How Can We Support Students Through the Middle School Transition?

 
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For many students, middle school is a three year period of social, academic, and personal transitions. After gradually developing friendships and academic abilities during elementary school, transferring to a new school with new peers, teachers, and expectations can be quite a shock! So what are some of the issues that our middle school kids face?

The biggest logistical challenge of entering middle school is the transition (for many students) to a new school. After spending the first few years of their education in the same place, many students must learn their way around a new campus and school building (or buildings!). This is made even more challenging by the fact that students are expected to move between several classrooms each day on a bell schedule, which  may be very different from the routine they were previously used to. Many students worry about being late or having difficulty finding their classrooms, particularly when they may also have to stop by their lockers.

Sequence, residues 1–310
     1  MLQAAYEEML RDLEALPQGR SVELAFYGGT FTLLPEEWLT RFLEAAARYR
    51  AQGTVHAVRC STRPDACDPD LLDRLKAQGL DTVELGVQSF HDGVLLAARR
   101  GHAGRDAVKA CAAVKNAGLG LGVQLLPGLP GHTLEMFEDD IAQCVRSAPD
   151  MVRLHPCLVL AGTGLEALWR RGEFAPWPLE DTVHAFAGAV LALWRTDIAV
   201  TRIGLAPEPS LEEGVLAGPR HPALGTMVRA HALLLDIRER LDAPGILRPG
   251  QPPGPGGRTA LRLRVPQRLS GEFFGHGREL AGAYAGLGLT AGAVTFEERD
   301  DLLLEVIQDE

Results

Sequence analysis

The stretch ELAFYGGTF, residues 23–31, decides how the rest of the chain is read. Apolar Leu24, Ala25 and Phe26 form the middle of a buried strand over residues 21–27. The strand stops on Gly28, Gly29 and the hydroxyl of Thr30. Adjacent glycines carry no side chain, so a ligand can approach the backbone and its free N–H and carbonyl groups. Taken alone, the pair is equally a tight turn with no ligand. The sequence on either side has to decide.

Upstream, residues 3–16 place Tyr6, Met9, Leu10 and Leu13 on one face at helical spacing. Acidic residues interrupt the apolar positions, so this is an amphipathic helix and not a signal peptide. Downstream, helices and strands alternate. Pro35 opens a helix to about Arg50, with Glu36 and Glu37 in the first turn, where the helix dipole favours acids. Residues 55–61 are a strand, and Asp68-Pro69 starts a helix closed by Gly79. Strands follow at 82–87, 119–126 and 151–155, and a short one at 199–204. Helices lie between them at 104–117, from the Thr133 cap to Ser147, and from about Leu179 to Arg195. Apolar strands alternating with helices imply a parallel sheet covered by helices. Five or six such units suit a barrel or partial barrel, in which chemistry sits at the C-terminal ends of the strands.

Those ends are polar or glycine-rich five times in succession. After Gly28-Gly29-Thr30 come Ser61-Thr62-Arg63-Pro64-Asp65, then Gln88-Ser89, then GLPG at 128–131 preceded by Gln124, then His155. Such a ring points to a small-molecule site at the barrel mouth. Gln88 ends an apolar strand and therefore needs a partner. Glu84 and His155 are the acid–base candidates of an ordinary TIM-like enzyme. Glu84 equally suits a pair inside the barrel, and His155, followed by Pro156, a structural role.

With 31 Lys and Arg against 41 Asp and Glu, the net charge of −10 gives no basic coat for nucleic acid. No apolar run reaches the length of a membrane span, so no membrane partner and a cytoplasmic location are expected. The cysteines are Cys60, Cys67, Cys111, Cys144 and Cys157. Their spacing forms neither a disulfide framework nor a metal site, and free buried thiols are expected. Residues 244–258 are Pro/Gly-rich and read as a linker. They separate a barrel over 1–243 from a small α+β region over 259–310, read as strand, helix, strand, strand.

Along with physically transitioning to a new school, there are several social changes in middle school. Some students will be separated from their familiar elementary school friends, and many will find themselves in classes with several peers they’ve never met. After the relative comfort and stability of elementary school, making new friends can be a challenge that students may feel unprepared for. Furthermore, middle school students are transitioning from being at the “top of the heap” as fifth graders to starting at the “bottom of the pile” as sixth graders. Unfortunately, there is also a general increase in teasing, exclusion, bullying, and gossiping in the social world of middle school. Altogether, these social tasks and challenges can have a big impact on students’ self-esteem and well-being. 

Academic demands also ramp up in middle school, as students are managed by multiple teachers with differing personalities, expectations, and teaching styles. Classes become progressively harder, and even students who may have coasted through elementary school now find themselves challenged academically. Middle school teachers also expect students to take more personal responsibility for task completion, organization, and asking for help. For some students, this necessitates the development of study skills and work habits they have never really needed or used during elementary school.